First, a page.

Strenuous but not moderate exercise increases the thrombotic tendency in healthy sedentary male volunteers

Strenuous but not moderate exercise increases the thrombotic tendency in healthy sedentary male... Abstract We have investigated the effect of moderate and strenuous exercise on experimental arterial thrombus formation in men. Thrombogenesis was measured in 15 sedentary healthy male volunteers at rest or immediately after two standardized exercise tests performed for 30 min on a bicycle ergometer. The exercises were performed at a constant load corresponding to either 50 or 70% maximal oxygen uptake. Thrombus formation was induced ex vivo by exposing a collagen-coated coverslip in a parallel plate perfusion chamber to native nonanticoagulated blood for 3 min. The shear rate at the collagen surface was 2,600 s −1 . Platelet and fibrin deposition was quantified by immunoenzymatic methods. The results show that moderate exercise did not affect arterial thrombus formation. In contrast, platelet thrombus formation on collagen was increased on the average by 20% after 30 min at 70% maximal oxygen uptake ( P = 0.03). Fibrin deposition on collagen remained unchanged with exercise, regardless of its intensity. Thus, with the use of a clinically relevant human experimental model of thrombosis, the present study suggests that exercise of heavy intensity may increase the risk for arterial thrombogenesis in sedentary young healthy male volunteers. blood flow platelets risk factors Footnotes Address for reprint requests and other correspondence: Y. Cadroy, Laboratoire d'Hématologie, Hôpital de Rangueil, 31054 Toulouse Cedex, France. The costs of publication of this article were defrayed in part by the payment of page charges. The article must therefore be hereby marked “ advertisement ” in accordance with 18 U.S.C. Section 1734 solely to indicate this fact. 10.1152/japplphysiol.00206.2002 Copyright © 2002 the American Physiological Society http://www.deepdyve.com/assets/images/DeepDyve-Logo-lg.png Journal of Applied Physiology The American Physiological Society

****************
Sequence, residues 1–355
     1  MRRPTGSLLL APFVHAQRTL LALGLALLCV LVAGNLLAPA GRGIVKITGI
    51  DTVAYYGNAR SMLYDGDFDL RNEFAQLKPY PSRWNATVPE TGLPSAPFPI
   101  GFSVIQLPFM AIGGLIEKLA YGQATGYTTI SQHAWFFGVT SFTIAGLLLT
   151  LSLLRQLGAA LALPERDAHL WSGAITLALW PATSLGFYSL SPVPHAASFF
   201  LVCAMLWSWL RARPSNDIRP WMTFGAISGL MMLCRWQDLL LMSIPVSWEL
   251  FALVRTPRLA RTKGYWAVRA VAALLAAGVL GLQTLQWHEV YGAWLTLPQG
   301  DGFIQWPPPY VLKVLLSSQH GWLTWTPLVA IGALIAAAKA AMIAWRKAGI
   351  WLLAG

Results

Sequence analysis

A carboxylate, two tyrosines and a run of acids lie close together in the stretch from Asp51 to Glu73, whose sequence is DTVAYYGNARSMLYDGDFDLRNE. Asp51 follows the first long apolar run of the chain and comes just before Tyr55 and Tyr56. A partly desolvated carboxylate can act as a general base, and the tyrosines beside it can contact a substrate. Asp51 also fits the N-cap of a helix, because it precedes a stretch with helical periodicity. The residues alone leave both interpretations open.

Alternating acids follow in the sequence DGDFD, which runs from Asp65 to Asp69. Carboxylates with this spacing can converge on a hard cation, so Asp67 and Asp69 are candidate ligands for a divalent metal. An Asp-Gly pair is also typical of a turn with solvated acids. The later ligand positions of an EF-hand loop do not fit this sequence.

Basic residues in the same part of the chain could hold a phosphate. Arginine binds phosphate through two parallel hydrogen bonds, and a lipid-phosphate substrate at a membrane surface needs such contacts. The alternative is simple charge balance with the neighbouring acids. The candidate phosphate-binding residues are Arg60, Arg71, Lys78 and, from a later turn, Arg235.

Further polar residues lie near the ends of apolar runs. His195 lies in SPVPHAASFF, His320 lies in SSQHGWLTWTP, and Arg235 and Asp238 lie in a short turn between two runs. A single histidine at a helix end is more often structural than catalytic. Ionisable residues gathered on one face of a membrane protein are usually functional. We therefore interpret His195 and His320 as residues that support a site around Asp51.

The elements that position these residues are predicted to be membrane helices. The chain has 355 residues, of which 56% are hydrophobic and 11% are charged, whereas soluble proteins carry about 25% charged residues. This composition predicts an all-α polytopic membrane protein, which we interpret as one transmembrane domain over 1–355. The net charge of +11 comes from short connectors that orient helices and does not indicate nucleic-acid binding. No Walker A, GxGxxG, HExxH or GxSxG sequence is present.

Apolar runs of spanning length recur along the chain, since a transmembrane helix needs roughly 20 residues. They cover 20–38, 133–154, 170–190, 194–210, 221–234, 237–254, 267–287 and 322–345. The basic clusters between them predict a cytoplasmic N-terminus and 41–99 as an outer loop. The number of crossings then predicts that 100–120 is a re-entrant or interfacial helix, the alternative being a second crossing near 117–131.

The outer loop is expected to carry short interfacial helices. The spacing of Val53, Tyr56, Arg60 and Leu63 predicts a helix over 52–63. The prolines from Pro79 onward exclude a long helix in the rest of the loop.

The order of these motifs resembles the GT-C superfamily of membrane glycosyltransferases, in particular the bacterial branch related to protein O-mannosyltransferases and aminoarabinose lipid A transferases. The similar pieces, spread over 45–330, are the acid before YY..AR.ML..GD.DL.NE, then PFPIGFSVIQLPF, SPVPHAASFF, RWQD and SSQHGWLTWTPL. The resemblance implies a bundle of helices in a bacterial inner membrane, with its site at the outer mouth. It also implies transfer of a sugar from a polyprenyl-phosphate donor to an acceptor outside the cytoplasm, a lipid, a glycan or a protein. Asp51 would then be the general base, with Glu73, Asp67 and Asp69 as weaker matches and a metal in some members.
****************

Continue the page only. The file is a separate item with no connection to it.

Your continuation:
Strenuous but not moderate exercise increases the thrombotic tendency in healthy sedentary male volunteers

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Publisher
The American Physiological Society
Copyright
Copyright © 2011 the American Physiological Society
ISSN
8750-7587
eISSN
1522-1601
D.O.I.
10.1152/japplphysiol.00206.2002
Publisher site
See Article on Publisher Site

Abstract

Abstract We have investigated the effect of moderate and strenuous exercise on experimental arterial thrombus formation in men. Thrombogenesis was measured in 15 sedentary healthy male volunteers at rest or immediately after two standardized exercise tests performed for 30 min on a bicycle ergometer. The exercises were performed at a constant load corresponding to either 50 or 70% maximal oxygen uptake. Thrombus formation was induced ex vivo by exposing a collagen-coated coverslip in a parallel plate perfusion chamber to native nonanticoagulated blood for 3 min. The shear rate at the collagen surface was 2,600 s −1 . Platelet and fibrin deposition was quantified by immunoenzymatic methods. The results show that moderate exercise did not affect arterial thrombus formation. In contrast, platelet thrombus formation on collagen was increased on the average by 20% after 30 min at 70% maximal oxygen uptake ( P = 0.03). Fibrin deposition on collagen remained unchanged with exercise, regardless of its intensity. Thus, with the use of a clinically relevant human experimental model of thrombosis, the present study suggests that exercise of heavy intensity may increase the risk for arterial thrombogenesis in sedentary young healthy male volunteers. blood flow platelets risk factors Footnotes Address for reprint requests and other correspondence: Y. Cadroy, Laboratoire d'Hématologie, Hôpital de Rangueil, 31054 Toulouse Cedex, France. The costs of publication of this article were defrayed in part by the payment of page charges. The article must therefore be hereby marked “ advertisement ” in accordance with 18 U.S.C. Section 1734 solely to indicate this fact. 10.1152/japplphysiol.00206.2002 Copyright © 2002 the American Physiological Society

Journal

Journal of Applied PhysiologyThe American Physiological Society

Published: Sep 1, 2002

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